$2M city contract will provide free lead filtration systems to 30K metered homes

SHARE $2M city contract will provide free lead filtration systems to 30K metered homes

A residential water meter installed by the city of Chicago. | Sun-Times file photo

Mayor Rahm Emanuel’s administration has awarded a $2 million contract to a Maryland company to provide free water filtration systems to owners of Chicago homes with water meters after some tested positive for elevated lead levels.

The contract calls for Safeware, Inc. to “supply and deliver ZeroWater pitchers and filters” to owners of metered homes that request them.

Water Management Commissioner Randy Conner has pegged the cost of each filtration system at $60. At that rate, it would cost the city $9.9 million to provide them, if all 165,000 metered Chicago homes take the city up on its offer.

The initial, $2 million contract would only be enough to supply filtration systems to about 30,000 metered homes.

Department spokeswoman Megan Vidis did not explain whether Safeware would be awarded subsequent contracts if demand exceeds that.

She would only say that the contract covers an “initial order of 30,500 filter sets” and that the city would “take the necessary steps to meet the demand for filter sets to qualified residences.”

“These sets are certified to reduce lead by NSF international, an independent certification organization,” Vidis wrote Tuesday in an email to the Chicago Sun-Times.

“DWM has been in contact and is distributing filter sets to residents who have tested over the EPA action level for lead in drinking water through the City’s 311 lead testing program, Chicago’s Water Quality Study and the DWM/Chicago Department of Public Health’s water testing program,” she wrote. Sets will be hand-delivered to those 426 homes, she said.

In addition, the department “is also distributing filter set registration information to residents who have received a water meter since 2001 through the MeterSave program,” she wrote.

Earlier this month, the Emanuel administration came under fire for failing to notify the entire universe of metered homes that a “small subset” of metered homes had tested positive for elevated lead levels.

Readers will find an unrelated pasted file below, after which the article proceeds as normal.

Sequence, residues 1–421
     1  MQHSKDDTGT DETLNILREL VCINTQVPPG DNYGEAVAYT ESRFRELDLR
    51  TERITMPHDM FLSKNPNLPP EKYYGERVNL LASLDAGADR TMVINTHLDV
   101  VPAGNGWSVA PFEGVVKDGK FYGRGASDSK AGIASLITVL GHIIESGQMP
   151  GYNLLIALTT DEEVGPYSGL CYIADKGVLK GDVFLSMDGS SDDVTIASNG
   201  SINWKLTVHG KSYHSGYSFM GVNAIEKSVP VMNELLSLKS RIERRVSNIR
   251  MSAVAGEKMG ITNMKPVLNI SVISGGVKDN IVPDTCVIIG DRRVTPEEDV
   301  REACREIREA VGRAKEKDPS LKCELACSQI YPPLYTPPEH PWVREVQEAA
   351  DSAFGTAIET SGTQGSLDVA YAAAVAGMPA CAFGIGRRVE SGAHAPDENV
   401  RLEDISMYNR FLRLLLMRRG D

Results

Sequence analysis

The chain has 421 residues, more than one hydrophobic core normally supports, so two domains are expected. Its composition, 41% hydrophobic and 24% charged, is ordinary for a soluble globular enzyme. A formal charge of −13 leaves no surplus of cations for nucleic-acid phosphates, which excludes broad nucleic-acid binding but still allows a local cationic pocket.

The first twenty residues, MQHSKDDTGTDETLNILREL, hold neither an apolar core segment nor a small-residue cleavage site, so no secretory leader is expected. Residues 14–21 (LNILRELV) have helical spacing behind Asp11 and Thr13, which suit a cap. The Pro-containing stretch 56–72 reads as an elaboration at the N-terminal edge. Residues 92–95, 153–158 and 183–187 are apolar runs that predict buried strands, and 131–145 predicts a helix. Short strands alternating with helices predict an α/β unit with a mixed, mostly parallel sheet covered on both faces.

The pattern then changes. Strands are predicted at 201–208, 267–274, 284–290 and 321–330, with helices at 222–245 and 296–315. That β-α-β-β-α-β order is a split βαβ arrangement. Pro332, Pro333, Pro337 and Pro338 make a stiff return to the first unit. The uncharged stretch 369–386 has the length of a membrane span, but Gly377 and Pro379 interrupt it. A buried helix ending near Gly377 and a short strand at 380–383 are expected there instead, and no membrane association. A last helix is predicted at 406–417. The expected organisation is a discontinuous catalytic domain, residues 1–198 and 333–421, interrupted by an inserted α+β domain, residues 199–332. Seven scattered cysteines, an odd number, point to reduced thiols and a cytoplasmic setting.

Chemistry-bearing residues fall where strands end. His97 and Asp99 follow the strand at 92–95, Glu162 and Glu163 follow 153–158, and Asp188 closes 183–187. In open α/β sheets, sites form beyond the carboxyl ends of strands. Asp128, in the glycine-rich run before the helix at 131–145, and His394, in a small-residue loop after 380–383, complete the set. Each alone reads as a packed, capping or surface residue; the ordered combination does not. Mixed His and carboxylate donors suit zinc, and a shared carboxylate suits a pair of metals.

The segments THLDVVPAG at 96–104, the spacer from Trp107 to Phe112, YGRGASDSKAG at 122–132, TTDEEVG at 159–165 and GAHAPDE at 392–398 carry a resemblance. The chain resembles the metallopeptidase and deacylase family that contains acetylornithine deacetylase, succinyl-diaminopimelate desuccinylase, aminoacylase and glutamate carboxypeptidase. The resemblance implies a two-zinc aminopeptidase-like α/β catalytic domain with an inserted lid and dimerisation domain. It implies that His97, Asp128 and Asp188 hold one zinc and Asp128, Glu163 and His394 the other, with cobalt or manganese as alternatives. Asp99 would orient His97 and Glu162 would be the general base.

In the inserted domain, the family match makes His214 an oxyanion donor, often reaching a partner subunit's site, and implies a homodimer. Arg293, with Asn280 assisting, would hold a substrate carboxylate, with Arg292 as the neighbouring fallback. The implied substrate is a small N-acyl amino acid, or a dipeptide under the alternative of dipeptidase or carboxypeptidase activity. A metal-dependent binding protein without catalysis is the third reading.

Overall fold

In June, the city found out that 15 metered homes, or 11 percent of those tested at that time, had elevated lead levels that exceeded the EPA standard of 15 parts per billion. Only those homeowners were notified.

In late October, City Hall found out the figure had grown to 51 homeowners, or 17.2 percent of 296 homes tested.

Officials characterized the number that test positive as a “small sub-set” of homes.

Then and only then was the decision made to notify the owners of all 165,000 metered homes about the free filtration systems available — while the city continued to install meters.

Emanuel has defended the city’s handling of the alarming results.

The mayor has noted that, since 2001 when the city started heavily promoting meter installation to conserve water, the number of children in Chicago testing positive for elevated lead levels has gone from one in four to one in 100.

“I have a water meter at our house. Had it since 2011. We still have it. Our kids grew up with it. Our water is safe,” the mayor said then.

“If I thought in any way this was a risk … I wouldn’t have it in my own home when my kids were growing up. I would do other things as mayor.”

Mayoral candidates Paul Vallas and Lori Lightfoot have accused City Hall of a cover-up.

But Emanuel has argued that the city did right thing by methodically conducting testing to first to determine whether the installation of new water mains had let loose particles that triggered elevated lead levels, then by moving on to the 165,000 homes with meters.

“If you’re going to make decisions on public health, they have to be based [on] science. … You don’t make major public health decisions based on a set of 15 homes. Less than 10 percent of the whole study. … As soon as we had something that was 51 [homes], we actually did” go public, the mayor has said.

Emanuel has noted that a study that “no other city has done” will continue for the next two years to test the entire universe of metered homes.

“We took the unusual step in the middle of a study to alert the public. … Nobody in the middle of a study does public information. We’re doing that because we feel we have a responsibility to actually inform people,” the mayor has said.

“If you were doing it purely on public health, you would wait for the completion. … We did what is unprecedented, not just in conducting the study but an unprecedented step to inform people in the midst of a study.”

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